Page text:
|Album Review: Justice - Woman|
|Record Label:||Label Location:||
|Review Author:||Review Date:||
|EM Review Rating:|
Over the past 10 years there have been few electronic artists more influential than Justice. The French duo comprised of Xavier De Rosnay and Gaspard Augé, who have been at the forefront of setting dance floors and festivals ablaze across the globe in what has been electronic music’s most defining decade. Back in 2007 they blended euro underground rave culture with punk rock vigor and embodied the entire attitude that drove the electro/bloghaus days that become America's formative years of its electronic music obsession.
In today’s commercial electronic scene ruled by such acts as The Chainsmokers and DJ Snake is there really any room for these two forefathers to succeed? With dance music culture now having its highest commercial appeal it’s easy to get sucked into the convoluted whirlpool that is today’s electronic zeitgeist. Festivals are a dime a dozen. Everyone’s a DJ now. Pop music IS electronic music. E-D-M. E-D-M. E-D-M. Would Justice’s 3rd studio album Woman break through the redundant noise and not only return us to a state of wonderment but re-define the limitations of the genre as a whole? Well smack my ass and call me Sally Hallelujah, the answer is a resounding YES!
Woman is superb and in my opinion outshines their 2011 sophomore effort Audio, Video, Disco (which says a lot). Their original gritty hardcore disco-electro sound has now germinated into a more subdued yet refined version of itself. What has always made Justice’s previous releases stand out has been their injection of the past. Woman harkens back to Prince, Queen, Stevie Wonder and even Jimmy “Bo” Horne. While AVD took a more stadium rock sonic anatomy Woman calls back to the disco days just as many tracks on their debut album, Cross, did. In addition to the neo-Studio 54 vibe Woman is characterized by outstanding vocals. Most tracks supremely meld talented vocalists with uplifting cords and melodies to transport the listening into a state of euphoria.
The album opens with "Safe and Sound," a simple slow burn of a tune that makes use of the guys' signature slap bass that we've found comfort in over the years. Vocals are provided by a children's choir who lay down an inspiring vocal accompaniment. As long as I can remember Justice’s records have for the most part been characterized by victorious vibes. Songs like “Phantom pt. 2” (Cross) and “New Lands”(AVD) evoke uplifting emotions of triumph and achievement. Woman is no different. Songs like “Pleasure” and “Randy” could be your soundtrack to hitting a game 7 walk-off or finally getting your crush’s number. These songs make you feel blissfully amazing while you absorb every bass line and synth. “Chorus” starts off sounding like you’ve just entered a boss battle on your favorite early 90s video game then divulges into an 80s speedboat chase scene filled with thumping kicks and a static underlay surrounded by distorted guitar synths and powerful piano notes.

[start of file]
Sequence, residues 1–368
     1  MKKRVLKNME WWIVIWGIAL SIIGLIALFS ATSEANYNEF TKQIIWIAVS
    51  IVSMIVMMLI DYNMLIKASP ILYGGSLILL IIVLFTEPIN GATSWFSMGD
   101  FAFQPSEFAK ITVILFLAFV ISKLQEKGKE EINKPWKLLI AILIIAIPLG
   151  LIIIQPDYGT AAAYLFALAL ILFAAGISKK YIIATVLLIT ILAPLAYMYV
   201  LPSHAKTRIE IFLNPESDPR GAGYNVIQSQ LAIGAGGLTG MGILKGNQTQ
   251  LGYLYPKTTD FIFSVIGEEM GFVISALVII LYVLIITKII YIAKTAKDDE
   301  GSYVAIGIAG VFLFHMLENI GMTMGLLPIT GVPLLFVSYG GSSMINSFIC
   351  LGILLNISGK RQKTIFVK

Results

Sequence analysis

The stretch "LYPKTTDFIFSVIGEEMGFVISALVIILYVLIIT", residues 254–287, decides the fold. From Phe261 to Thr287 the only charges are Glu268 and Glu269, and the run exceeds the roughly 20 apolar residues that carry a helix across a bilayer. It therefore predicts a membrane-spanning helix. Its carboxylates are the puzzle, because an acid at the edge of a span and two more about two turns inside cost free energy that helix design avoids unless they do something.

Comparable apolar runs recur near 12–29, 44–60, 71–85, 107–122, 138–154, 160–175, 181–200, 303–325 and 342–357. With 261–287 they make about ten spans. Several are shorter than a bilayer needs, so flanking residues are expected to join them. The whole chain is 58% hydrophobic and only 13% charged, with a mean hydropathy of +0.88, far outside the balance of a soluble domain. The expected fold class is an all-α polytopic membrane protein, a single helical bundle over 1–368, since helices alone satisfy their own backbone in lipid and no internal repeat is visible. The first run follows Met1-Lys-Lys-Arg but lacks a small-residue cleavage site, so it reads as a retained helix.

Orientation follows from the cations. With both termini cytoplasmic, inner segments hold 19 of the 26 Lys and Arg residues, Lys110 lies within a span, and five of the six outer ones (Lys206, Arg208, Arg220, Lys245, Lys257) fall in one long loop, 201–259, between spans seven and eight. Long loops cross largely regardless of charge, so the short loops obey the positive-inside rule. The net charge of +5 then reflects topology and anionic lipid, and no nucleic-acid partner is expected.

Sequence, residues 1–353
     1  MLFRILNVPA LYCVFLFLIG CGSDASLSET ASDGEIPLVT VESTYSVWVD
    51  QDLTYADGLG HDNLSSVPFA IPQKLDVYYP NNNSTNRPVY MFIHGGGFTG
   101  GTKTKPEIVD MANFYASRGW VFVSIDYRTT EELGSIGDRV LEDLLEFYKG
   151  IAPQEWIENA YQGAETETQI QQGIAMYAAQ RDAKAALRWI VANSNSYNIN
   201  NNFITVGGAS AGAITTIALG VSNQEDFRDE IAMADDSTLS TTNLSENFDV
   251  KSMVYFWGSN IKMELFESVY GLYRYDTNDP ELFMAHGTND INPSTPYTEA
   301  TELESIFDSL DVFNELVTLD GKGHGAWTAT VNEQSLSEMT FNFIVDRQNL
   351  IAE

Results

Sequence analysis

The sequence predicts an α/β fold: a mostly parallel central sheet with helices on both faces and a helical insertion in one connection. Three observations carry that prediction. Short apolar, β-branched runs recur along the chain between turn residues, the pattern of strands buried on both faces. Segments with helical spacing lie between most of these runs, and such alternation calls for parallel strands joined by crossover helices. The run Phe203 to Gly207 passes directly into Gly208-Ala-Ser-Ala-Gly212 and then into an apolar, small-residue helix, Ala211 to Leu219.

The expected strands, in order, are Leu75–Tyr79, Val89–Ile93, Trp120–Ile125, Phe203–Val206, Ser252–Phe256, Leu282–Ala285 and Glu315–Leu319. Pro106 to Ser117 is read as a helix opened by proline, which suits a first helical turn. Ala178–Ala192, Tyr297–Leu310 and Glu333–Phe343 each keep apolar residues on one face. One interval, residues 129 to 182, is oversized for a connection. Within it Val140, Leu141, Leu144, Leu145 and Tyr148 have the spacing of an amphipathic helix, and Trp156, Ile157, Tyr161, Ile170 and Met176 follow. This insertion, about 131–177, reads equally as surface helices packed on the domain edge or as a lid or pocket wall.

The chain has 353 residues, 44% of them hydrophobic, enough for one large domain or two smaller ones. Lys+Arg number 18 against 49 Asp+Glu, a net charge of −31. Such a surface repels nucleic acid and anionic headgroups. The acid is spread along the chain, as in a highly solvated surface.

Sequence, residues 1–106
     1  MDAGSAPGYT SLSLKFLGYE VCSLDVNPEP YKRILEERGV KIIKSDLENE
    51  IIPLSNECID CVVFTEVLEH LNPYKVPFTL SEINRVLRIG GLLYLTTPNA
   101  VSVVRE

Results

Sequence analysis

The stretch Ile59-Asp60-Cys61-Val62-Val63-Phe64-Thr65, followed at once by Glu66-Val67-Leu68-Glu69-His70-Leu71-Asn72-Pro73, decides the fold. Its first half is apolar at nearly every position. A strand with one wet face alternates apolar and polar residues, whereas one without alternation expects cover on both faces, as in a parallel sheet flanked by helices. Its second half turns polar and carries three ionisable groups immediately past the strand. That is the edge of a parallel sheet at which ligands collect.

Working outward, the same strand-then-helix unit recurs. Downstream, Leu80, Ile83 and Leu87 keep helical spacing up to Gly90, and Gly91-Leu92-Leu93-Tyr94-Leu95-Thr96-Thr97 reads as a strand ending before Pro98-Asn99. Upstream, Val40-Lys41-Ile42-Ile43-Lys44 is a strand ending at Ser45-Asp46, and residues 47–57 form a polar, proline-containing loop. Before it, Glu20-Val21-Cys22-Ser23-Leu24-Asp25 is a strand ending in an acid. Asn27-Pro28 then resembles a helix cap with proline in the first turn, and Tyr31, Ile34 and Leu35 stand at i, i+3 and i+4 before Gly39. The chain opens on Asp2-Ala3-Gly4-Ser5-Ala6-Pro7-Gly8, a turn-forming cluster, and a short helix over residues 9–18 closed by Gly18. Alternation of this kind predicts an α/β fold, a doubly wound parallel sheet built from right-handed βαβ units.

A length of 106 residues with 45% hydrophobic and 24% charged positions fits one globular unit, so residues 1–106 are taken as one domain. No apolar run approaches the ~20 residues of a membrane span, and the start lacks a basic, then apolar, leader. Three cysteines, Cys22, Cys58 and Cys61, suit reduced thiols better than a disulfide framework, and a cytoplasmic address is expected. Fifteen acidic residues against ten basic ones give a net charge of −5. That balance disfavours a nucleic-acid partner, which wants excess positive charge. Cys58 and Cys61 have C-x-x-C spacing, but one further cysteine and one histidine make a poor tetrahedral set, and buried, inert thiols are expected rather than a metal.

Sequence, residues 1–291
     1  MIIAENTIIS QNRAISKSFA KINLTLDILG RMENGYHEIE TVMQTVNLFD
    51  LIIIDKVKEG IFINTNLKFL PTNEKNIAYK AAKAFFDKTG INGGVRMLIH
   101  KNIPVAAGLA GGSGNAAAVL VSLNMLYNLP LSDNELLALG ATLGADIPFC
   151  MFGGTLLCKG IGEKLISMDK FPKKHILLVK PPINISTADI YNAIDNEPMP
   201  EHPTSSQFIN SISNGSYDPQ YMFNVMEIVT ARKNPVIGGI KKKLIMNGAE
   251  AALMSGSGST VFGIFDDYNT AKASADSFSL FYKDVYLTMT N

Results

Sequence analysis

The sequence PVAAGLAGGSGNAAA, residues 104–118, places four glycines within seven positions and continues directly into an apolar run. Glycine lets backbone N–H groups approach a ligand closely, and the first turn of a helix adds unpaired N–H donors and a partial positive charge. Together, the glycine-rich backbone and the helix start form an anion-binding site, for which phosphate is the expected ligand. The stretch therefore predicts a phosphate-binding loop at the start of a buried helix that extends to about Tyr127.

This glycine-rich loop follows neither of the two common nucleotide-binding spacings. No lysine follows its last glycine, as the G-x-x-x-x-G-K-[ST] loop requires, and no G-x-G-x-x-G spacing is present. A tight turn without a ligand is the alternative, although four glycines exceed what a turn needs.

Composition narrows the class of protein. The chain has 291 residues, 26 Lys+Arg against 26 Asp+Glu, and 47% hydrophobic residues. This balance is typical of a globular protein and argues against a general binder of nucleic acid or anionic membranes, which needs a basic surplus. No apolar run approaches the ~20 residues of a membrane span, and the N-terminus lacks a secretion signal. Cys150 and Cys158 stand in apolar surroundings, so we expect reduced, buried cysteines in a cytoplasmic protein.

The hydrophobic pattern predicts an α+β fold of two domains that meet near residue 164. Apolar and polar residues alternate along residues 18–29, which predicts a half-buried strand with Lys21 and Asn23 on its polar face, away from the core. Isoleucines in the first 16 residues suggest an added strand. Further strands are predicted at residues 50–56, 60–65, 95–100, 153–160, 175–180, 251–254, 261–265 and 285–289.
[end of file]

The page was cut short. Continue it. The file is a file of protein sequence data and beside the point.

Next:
"Fire" is a straight feel-good disco ballad with masterful vocals from M. Yaman that make this one of the stand out records on the album. I think the new fan favorite on the album could be "Heavy Metal." I can definitely see other artists mixing this track into their live sets as"Heavy Metal" is an uptempo, high-energy track that sounds something like a renaissance rave anthem. The track was even sent to fellow electro-boss Boys Noize to tune the 808s before the album was released. "Love S.O.S." featuring Romuald has a very strong Blood Orange feel to it. Though the track starts out with a screeching siren synth that rides along all the way through the record could not feel more comforting. My only gripe about the album is the final track. "Close Call" is the obligatory ambient record that so many electronic artists today insist on including to show their "range." These types of tracks have never interested me and are pretty useless when it comes to either playing them out in a live set or during at-home listening. In this case I give the boys a pass because one of Woman's I most redeeming qualities is that is has a definitive beginning, middle and end. The album is meant to be listened to front to back in one sitting to get the full iMax, 4k, 3D, high-def, 320 kbps, fiber-optic, surround sound, DSL business class experience so wrapping on a softer note doesn't take away from the narrative that's already taken place.
When it comes down to it Justice is no longer making the intensely distorted noisy goodness Cross brought to the table that had us sweating through our jeans jackets in smokey discotecas 10 years ago. However, Xavier and Gaspard are now older in both age and spirit. You don't make another "Water of Nazareth" when you're driving your kids to soccer practice. Woman represents a blind eye to the current state of electronic music and holds fast to traditional Justice faire by being a not-quite disco, not-quite rock, home-brewed electronica work of art. No matter where you are in the world you can put this album on and bring your mood to a warm simmer. Woman is a triumph in musical escapism because it feels very new yet as if it has always existed. This is by no means their opus but comes quite close and gives us hope that maybe the traditional album-style format is not dead. Woman is not a perfect album but its an album perfectly suited for what we needed right now. I'm not a religious man but leave it to these two legends to have me worshipping at the foot of a cross just the same.